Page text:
“Troubled finances can strain many a relationship,” the Times continued. “But the marriage of business interests between Russia and Germany is strengthening even as the global financial crisis deepens. Despite a rapid downturn in both economies, German companies are planning to ramp up long-term investments in Russia.”

What should not be forgotten in viewing this scenario is that German investment in Russia was a crucial component in the rebuilding of that nation’s economy following its implosion resulting from the collapse of the Soviet Union in 1991. That symbiosis between the German and Russian economies continues today, despite occasional political tensions between the two. “Russia’s vast natural resources and Germany’s engineering skills bring the countries together more often than they drive them apart. Today, the relationship is centered on Germany’s thirst for Russian oil and natural gas, as well as on Russia’s need for capital investment and German manufacturing acumen” (ibid.).

German bankers, financiers and corporate moguls have a history of seeking close links with the Russian economy.

“Nowhere was this growing business connection more apparent than at a top-level gathering last month at a castle overlooking the Elbe River. Many of the hundreds of guests oozed confidence that, despite the conflict in Georgia and the storm in world finance, Russia and Germany would deepen their centuries-old bonds—perhaps even realizing a dream long held by some of binding Russia closer to the West. ‘The long-term goal is about integrating the Russian economy with Europe,’ said Peter Danylow, director of the East and Central European Association, an independent business body that promotes contacts between Germans and Eastern countries” (ibid.).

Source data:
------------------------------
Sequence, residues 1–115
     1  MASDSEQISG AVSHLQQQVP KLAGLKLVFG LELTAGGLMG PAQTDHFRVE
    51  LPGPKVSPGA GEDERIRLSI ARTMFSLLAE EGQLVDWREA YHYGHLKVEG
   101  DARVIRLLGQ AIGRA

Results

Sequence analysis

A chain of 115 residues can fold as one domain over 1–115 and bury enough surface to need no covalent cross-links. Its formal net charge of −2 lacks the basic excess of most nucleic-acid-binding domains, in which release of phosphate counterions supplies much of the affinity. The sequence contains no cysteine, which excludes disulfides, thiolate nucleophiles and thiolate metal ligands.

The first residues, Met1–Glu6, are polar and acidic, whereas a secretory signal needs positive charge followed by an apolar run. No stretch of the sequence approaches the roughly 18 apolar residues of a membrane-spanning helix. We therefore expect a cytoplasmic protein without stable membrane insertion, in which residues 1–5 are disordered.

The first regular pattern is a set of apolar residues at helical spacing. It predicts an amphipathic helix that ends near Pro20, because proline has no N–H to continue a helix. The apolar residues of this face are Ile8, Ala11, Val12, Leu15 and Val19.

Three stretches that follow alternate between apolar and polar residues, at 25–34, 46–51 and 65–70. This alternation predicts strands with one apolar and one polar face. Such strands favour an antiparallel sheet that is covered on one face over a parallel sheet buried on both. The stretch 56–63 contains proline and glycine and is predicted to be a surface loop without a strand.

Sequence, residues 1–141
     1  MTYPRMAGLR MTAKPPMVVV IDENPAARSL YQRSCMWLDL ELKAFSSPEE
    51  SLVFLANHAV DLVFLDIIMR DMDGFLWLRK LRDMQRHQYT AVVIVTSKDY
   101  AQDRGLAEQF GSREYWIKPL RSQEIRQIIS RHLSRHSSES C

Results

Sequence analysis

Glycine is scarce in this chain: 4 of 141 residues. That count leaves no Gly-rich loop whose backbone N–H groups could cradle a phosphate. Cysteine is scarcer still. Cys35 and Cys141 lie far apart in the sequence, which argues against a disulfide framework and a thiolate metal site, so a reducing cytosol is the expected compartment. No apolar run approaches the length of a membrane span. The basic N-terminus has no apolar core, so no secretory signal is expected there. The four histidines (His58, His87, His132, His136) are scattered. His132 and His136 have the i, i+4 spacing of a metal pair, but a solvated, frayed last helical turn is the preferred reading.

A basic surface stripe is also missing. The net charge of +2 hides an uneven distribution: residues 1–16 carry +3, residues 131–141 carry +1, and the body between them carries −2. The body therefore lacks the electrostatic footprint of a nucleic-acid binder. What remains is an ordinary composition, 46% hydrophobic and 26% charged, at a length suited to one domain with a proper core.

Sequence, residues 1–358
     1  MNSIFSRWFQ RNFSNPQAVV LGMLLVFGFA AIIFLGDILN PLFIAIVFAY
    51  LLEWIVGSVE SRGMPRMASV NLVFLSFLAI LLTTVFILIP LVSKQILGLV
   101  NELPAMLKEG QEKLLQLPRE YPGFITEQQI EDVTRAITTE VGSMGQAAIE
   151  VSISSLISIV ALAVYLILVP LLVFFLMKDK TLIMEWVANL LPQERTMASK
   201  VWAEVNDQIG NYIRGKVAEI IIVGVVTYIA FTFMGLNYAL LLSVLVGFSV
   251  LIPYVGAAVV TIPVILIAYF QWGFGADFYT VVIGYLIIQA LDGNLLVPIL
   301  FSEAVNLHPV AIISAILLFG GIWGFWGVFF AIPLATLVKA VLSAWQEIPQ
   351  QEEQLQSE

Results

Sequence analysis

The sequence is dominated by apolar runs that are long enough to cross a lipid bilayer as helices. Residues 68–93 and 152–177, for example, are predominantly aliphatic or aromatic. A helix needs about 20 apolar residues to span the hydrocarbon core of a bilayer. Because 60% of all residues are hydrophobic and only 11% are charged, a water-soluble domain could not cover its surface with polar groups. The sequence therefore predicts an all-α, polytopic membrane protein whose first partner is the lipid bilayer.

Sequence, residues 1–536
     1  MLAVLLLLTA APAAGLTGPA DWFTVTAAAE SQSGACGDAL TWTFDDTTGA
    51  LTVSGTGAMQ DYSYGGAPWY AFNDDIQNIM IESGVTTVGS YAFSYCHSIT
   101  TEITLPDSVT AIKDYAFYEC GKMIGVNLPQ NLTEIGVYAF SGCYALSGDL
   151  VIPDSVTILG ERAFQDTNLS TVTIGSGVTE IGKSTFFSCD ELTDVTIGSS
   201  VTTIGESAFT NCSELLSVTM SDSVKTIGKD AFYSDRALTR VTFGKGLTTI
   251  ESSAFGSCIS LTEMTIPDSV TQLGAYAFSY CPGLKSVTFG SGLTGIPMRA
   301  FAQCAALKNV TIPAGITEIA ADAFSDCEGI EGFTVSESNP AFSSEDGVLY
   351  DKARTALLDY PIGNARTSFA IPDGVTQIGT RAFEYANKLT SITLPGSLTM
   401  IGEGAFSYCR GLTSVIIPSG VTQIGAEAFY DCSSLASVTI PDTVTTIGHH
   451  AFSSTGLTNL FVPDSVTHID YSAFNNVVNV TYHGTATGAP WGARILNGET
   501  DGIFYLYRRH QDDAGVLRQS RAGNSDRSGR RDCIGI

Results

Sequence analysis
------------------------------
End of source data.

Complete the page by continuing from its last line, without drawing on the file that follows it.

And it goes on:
That politics plays an important part in Germany’s association with Russia must be taken as a given. “If anything, German politicians and business executives have pursued closer ties with Russia. This bond was highlighted by the attendance of powerful players at the castle on the Elbe, where German managers from Moscow mingled with Russian officials, and East German veterans of Soviet enterprises chatted up younger Russian entrepreneurs” (ibid.).

The Trumpet has continually reinforced Herbert Armstrong’s prophetic claim that a future Russo-German pact—akin to the infamous Molotov-Ribbentrop pact agreed between these two nations preparatory to Nazi aggression triggering World War ii—would be an essential component in Germany’s foreign policy as it pursues its imperialist foreign goals under the umbrella of the European Union. The conclusion of a trade pact between Russia and Germany, already mooted, will be but a precursor to a strengthening of political ties between the two, short lived though that arrangement may be, as Bible prophecies race toward their conclusion preparatory to the replacing of the whole doomed global system through godly intervention in the very near future.

In her New York Times piece, Judy Dempsey points out that, “In fact, Mrs. Merkel and Frank-Walter Steinmeier, the foreign minister, have suggested that Germany codify its status as a crucial partner to help Russia modernize its infrastructure. Mr. Medvedev, in Berlin in June on his first presidential visit to a Western European capital, was enthusiastic. German business people are merely waiting for the lawyers to draft the agreement” (ibid.).

Events in Germany and Russia are moving quickly toward the fulfillment of Herbert Armstrong’s prophetic vision for both.

Read our booklet The Rising Beast—Germany’s Conquest of the Balkans for more on this highly topical subject.